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Discerning Joy from Sorrow: Reflecting on Changes Among Ukrainian Evangelicals Since Independence

26.07.2004, 16:02
In the summer of 2003 the first graduating class of Odesa Bible School held their ten-year reunion and watched a video of their student days. For half an hour a lost world was restored as old friends with dark hair and slim figures appeared on the screen. Once again they bent over their books, ate their simple meals, and finally filed across a stage to receive their diplomas.

In the summer of 2003 the first graduating class of Odesa Bible School held their ten-year reunion and watched a video of their student days. For half an hour a lost world was restored as old friends with dark hair and slim figures appeared on the screen. Once again they bent over their books, ate their simple meals, and finally filed across a stage to receive their diplomas.

By Mary Raber

"But many of the . . . old men who had seen the first temple wept with a loud voice when the foundation of this temple was laid before their eyes. Yet many shouted aloud for joy, so that the people could not discern the noise of the shout of joy from the noise of the weeping of the people." Ezra 3:12-13 (NGSB)

A Ten-Year Class Reunion

Fashions would inevitably change in ten years--but that much? The synthetic shoes, the badly-cut suits, and the coarse knitwear remind the viewer of a Soviet consumer's world that barely exists anymore, except for what can still be found spread on the ground for sale in a flea market. Then there are the old Baptist folkways: the smacking kisses between men, the fervent songs after a meal, and the elaborate homemade entertainment programs. Those things still exist, but have diminished.

When the lights go up, a decade has passed. Any alumni gathering in the world might grow a little thoughtful as its members consider how the world has changed since graduation. But perhaps a group of post-Soviet Evangelicals has more reason than most to be amazed, or even bewildered. Where else in the world have changes in worship, education, and opportunities for ministry taken place with such furious speed? Where else have Evangelical believers been called from relative isolation to creative engagement with a society that used to actively persecute them?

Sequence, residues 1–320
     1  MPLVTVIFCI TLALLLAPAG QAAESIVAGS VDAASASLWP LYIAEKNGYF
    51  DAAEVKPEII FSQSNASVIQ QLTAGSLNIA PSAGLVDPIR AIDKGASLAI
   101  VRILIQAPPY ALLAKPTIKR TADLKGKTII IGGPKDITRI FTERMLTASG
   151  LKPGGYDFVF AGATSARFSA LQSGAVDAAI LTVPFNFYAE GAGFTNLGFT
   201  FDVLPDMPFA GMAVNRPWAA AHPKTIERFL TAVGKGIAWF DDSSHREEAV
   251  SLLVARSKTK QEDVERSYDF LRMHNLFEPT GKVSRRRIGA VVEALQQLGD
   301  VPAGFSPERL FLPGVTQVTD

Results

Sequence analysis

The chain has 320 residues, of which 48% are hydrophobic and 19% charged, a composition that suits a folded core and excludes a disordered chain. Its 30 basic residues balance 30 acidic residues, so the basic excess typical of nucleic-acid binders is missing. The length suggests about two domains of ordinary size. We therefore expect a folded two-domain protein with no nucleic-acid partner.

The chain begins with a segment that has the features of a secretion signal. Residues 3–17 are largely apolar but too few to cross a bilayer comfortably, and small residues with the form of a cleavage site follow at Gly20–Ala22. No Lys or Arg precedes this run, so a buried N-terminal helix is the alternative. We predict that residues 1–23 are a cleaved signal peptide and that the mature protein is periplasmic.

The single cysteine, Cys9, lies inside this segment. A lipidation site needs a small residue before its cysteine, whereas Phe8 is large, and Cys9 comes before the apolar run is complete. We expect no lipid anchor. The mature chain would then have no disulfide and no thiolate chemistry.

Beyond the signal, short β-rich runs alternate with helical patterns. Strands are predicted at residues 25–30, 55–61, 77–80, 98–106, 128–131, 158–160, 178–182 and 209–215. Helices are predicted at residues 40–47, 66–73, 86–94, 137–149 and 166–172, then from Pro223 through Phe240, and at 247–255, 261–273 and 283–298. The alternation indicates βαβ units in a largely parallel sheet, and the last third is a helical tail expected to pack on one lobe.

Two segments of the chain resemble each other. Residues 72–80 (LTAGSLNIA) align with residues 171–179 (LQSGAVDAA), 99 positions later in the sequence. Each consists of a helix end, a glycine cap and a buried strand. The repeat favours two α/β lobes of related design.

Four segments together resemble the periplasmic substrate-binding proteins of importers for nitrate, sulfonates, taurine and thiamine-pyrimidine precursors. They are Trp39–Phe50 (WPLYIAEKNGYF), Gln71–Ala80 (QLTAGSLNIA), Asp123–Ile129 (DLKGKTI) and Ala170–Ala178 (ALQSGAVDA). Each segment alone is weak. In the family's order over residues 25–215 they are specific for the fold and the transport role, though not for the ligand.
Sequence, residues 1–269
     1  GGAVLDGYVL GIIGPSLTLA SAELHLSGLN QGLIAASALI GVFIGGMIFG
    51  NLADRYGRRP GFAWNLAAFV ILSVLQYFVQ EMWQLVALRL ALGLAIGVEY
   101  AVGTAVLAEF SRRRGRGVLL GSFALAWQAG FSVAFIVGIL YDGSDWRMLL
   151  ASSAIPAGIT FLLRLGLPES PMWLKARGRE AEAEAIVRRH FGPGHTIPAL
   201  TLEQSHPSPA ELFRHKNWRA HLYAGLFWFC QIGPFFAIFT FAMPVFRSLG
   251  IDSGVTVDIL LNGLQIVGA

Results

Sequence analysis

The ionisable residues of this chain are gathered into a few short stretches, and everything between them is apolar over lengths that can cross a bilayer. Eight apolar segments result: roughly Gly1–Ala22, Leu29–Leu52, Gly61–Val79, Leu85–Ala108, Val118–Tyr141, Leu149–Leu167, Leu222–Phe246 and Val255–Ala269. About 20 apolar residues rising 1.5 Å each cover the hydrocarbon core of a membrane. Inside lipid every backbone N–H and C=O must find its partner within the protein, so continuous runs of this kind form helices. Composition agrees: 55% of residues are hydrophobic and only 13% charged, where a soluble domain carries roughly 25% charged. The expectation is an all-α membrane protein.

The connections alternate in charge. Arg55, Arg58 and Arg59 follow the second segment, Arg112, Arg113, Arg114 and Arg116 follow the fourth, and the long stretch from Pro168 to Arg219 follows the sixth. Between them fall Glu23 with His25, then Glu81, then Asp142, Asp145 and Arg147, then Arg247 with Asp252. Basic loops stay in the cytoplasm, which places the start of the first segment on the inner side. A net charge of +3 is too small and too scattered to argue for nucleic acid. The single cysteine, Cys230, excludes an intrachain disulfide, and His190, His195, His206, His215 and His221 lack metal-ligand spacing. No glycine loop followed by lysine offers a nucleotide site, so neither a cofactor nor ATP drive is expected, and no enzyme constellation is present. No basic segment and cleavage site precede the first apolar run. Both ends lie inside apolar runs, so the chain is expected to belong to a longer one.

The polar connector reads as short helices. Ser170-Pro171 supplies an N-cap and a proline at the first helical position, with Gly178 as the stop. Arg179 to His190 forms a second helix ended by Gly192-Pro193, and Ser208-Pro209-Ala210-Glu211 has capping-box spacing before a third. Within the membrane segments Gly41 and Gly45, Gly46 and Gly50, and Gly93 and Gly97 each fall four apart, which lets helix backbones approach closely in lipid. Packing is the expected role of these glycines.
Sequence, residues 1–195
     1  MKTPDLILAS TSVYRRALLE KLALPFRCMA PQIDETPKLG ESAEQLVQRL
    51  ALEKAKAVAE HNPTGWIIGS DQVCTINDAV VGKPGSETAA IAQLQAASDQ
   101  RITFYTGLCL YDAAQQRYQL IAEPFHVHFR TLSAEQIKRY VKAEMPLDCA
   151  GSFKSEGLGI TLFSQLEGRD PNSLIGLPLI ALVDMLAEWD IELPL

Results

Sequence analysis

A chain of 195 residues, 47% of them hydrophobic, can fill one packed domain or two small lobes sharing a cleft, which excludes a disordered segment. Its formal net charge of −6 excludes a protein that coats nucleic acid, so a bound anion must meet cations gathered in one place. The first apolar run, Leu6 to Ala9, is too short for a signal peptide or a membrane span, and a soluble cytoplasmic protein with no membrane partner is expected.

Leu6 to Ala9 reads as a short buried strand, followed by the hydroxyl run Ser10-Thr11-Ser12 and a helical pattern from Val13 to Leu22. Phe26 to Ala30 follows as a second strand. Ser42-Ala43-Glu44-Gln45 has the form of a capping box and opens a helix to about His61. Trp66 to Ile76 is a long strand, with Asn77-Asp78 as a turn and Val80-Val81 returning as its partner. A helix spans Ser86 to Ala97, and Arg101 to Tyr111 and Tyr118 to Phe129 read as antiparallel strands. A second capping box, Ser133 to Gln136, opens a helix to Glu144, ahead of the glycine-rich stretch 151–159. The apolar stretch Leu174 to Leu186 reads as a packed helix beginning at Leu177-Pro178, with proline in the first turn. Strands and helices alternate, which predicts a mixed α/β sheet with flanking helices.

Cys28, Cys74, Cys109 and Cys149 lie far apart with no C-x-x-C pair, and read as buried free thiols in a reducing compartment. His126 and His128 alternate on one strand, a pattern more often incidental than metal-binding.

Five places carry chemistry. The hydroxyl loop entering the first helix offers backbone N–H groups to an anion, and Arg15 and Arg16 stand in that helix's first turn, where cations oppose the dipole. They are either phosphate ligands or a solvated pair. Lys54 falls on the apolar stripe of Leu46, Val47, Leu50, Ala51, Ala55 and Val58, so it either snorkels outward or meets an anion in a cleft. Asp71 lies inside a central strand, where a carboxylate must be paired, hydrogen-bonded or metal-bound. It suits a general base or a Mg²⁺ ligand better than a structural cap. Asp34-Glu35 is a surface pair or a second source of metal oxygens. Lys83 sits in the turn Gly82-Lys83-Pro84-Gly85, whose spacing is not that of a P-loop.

The chief memory the video calls to mind is the buoyant spirit of the early 1990s. Everyone in the film seems cheerfully willing to put up with discomfort, sitting for hours on hard chairs and eating outdoors in freezing weather. The physical conditions of those first students, whether at Odesa or any of the other schools and seminaries founded in the early 1990s, were less than ideal. But what the graduates remember is being privileged, making history, doing something daringly new. Only a short time before, coming together for theological studies would have been grounds for arrest. When the long-awaited opportunity arrived, no sacrifice seemed too much. At Odesa, for example, students with active ministries, secular jobs, or both, plus family responsibilities, traveled long distances to attend class three days a month for four years to earn a simple, unaccredited certificate.

Onrush of New Opportunities

Nor could Christians do enough to meet the sudden onrush of opportunities for ministry. Beginning about 1989 for believers doors suddenly flew open in every direction. Seemingly overnight, lending libraries, hospital and prison visitation, huge evangelistic meetings, sacred music concerts, Bible studies in the schools, summer camps, and all manner of other ministries multiplied. All of them were characterized by crackling enthusiasm.

"We burned for the opportunity to work as missionaries," remembers Valentina Chernova, director of Our House, a social rehabilitation center for children in Makeyevka in eastern Ukraine. "We didn't think about money or about how we were going to succeed. It was hard work, and there wasn't enough pay, and what we got didn't arrive on time, but we gave 100 percent and expected the Lord to take care of us."

Change the scene to September 2003, as members of 11 Kyiv congregations in the Association of Missionary Churches, the fruit of 13 years' diligent evangelism, gather for a joint worship service. The packed sanctuary still looks rough--construction is not quite finished--but balloons and flowers decorate the chancel. A youthful praise group featuring drums and accordion leads choruses projected in PowerPoint slides on the wall. One of the pastors, a young man in jeans, reads a series of prayer items from Christians enduring persecution around the world: Dubai, North Korea, Bangladesh, Sri Lanka. "In comparison with us, these people have nothing," he reminds us, "but they're willing to give everything they have for Christ." One cannot help but remember a time when Soviet Christians would have topped the list.